The ‘perfect’ birth … or the perfect birth for you?

A perfect birth – just random, or does each birth offer something unique?

The ‘perfect’ birth … or the perfect birth for you?

For some women when they become pregnant and prepare for childbirth there can be a picture of experiencing the perfect birth without considering the many factors that may impact on this event. Every woman has a unique body that is formed on a basic level well before birth and then develops in childhood and further as she grows through those years into the woman she becomes.

This body carries the imprints of all those years of how she was held in utero, of how she was born, of what she received as a baby, her early childhood, how she navigated primary school and how the teenage years unleashed her sense of liking herself or otherwise on into the grown woman that develops.

When each woman conceives a baby and gives birth, she does so within a body that has already lived uniquely through each and every tremendous life experience, and all of this leaves imprints which impact us in ways that we do not yet fully understand.

When it comes to childbirth, there is a pressure on women from outside to achieve something and to empower themselves via that experience. This is often coming from the ideals and beliefs of the culture the woman has been raised in and the people she is surrounded by, and thinking she needs the body to perform in a certain way on the day, without first considering the body’s multifaceted life in layers that is also going through this experience. It is an inescapable fact, yet we expect to have the perfect birth as we picture it, based typically on preparing the body on just one or two of these layers without any regard for, or understanding of, the rest. It doesn’t take into consideration that the body of the incoming baby is also equally bringing a power and a unique history to the shared experience.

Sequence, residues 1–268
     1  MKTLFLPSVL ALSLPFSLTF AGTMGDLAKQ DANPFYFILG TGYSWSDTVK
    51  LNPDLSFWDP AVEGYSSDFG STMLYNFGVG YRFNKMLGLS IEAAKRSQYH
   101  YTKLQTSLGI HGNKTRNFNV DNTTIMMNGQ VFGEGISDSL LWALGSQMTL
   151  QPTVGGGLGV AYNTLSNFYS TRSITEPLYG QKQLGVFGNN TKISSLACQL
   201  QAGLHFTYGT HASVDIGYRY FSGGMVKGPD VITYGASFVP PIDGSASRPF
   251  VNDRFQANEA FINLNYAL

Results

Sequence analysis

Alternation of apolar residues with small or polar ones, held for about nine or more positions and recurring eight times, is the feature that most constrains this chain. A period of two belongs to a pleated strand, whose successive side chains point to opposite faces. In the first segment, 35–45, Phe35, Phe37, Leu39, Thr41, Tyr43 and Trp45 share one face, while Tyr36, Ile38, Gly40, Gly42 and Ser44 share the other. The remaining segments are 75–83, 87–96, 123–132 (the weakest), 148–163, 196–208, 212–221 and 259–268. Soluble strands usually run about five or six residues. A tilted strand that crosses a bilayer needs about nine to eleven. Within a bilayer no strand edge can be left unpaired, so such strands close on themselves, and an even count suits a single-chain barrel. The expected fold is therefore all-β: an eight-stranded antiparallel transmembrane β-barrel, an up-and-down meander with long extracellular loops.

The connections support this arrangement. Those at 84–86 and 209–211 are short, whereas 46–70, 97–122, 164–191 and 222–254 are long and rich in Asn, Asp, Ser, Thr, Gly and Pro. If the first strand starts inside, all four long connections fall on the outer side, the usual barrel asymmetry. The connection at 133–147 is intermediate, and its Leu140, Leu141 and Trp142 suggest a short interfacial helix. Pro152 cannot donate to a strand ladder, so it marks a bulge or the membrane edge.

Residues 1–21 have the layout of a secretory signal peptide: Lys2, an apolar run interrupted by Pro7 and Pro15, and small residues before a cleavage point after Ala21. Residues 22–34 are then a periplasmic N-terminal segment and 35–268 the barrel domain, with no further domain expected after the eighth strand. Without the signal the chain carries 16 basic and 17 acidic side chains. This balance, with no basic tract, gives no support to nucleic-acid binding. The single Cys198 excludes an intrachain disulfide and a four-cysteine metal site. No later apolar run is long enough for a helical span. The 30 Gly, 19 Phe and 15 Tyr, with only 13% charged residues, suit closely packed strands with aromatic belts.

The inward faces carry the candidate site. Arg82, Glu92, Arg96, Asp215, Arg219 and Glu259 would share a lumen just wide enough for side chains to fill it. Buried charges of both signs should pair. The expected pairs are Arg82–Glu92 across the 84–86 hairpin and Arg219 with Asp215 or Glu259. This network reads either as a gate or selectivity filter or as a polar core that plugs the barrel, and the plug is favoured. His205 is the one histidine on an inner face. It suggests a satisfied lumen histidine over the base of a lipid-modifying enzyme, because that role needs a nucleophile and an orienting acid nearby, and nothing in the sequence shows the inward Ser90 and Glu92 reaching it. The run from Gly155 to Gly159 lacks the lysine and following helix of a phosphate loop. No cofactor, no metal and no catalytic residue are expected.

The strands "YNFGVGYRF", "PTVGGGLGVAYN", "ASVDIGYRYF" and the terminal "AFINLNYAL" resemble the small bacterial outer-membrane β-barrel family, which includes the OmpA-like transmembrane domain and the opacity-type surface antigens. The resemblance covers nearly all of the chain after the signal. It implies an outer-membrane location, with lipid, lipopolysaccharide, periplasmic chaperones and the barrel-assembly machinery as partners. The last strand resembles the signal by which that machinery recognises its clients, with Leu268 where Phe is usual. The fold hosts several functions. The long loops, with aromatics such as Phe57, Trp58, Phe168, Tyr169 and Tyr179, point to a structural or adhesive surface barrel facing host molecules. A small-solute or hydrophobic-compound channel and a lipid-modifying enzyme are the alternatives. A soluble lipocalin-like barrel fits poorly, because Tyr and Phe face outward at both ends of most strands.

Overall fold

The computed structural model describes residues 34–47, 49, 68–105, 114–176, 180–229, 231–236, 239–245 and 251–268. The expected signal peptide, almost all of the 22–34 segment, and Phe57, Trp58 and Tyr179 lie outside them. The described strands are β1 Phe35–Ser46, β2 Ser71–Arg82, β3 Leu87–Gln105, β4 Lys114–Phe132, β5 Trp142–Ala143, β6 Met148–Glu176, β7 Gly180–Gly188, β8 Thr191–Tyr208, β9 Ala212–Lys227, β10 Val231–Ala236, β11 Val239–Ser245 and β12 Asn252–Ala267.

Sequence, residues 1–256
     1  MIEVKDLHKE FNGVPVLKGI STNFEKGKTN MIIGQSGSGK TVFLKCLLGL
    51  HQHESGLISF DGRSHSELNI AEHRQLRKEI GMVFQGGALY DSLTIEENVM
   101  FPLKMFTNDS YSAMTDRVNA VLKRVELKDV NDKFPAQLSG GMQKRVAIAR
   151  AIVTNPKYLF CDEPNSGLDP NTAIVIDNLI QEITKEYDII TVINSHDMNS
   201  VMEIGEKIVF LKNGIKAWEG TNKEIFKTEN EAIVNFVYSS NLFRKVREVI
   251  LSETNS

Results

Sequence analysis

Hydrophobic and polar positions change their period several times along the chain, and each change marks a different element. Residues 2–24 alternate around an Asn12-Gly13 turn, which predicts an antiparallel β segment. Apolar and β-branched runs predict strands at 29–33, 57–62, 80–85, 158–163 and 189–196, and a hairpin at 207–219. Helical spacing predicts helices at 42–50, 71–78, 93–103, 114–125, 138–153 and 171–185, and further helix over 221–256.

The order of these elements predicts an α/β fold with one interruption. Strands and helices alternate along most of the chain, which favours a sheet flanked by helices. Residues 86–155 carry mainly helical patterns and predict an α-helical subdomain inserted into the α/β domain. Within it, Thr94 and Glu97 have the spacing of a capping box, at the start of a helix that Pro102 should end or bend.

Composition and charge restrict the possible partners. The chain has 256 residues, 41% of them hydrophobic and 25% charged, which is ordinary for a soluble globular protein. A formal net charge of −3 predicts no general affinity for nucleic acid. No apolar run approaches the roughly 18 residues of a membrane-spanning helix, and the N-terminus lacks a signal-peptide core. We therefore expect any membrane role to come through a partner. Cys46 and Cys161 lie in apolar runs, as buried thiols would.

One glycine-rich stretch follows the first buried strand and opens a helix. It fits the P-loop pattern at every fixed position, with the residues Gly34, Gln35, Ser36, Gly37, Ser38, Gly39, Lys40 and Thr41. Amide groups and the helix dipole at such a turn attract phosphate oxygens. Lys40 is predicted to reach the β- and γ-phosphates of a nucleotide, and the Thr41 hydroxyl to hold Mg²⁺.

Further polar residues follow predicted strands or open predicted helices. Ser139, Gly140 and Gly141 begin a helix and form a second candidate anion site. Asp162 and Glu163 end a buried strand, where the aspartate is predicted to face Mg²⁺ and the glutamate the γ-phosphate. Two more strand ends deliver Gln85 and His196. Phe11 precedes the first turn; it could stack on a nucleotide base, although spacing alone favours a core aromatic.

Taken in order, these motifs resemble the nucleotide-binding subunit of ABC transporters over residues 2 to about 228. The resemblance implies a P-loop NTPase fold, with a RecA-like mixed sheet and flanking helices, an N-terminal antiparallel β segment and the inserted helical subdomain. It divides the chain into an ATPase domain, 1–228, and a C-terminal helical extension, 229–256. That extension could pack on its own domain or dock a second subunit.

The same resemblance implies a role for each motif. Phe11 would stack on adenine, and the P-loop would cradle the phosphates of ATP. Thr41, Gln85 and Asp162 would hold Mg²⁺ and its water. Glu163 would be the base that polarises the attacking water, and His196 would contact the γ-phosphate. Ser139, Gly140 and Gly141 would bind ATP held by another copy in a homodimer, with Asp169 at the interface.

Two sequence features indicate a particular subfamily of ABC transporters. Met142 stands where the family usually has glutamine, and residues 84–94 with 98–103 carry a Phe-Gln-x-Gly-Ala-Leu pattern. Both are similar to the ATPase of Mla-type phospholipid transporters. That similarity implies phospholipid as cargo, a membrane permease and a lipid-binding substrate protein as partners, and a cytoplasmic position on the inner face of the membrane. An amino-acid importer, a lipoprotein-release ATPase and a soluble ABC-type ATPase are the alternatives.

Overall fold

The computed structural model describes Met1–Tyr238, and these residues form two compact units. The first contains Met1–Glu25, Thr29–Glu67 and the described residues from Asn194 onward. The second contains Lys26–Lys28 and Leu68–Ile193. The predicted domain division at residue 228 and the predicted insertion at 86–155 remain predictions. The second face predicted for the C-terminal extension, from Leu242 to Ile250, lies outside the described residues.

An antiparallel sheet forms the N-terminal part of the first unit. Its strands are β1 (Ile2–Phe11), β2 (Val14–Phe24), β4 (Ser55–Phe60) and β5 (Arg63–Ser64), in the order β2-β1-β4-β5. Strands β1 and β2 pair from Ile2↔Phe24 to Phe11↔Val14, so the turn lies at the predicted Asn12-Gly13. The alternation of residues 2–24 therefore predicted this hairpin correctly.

Much birth preparation offered to support women to give birth uses positioning, postures, muscle relaxation, and subconscious mind techniques which look at us at best as two dimensional beings: body and mind. It’s well accepted there is a connection between body and mind, yet we are far more than the thoughts in our brains and the visceral nature of our body.

The cervix itself, a key player in the progress of the birth process, is composed of both smooth muscle and the underacknowledged connective tissue, which has varying textures, thickness and flexibility. It performs and responds very uniquely for each woman and this can’t be predicted in advance or understood just in terms of mechanics from muscles and the tissues that connect them, which is how it is currently presented as part of birth preparation.

We know that the cervix has to dilate fully to allow safe passage of the baby through the vagina and out into the world, yet we pay little to no attention to the previous sexual experiences of the mother, to how she feels about herself in this area and in general, how she has been treated as a woman, and to how willing and able she is to surrender to this awe-inspiring process.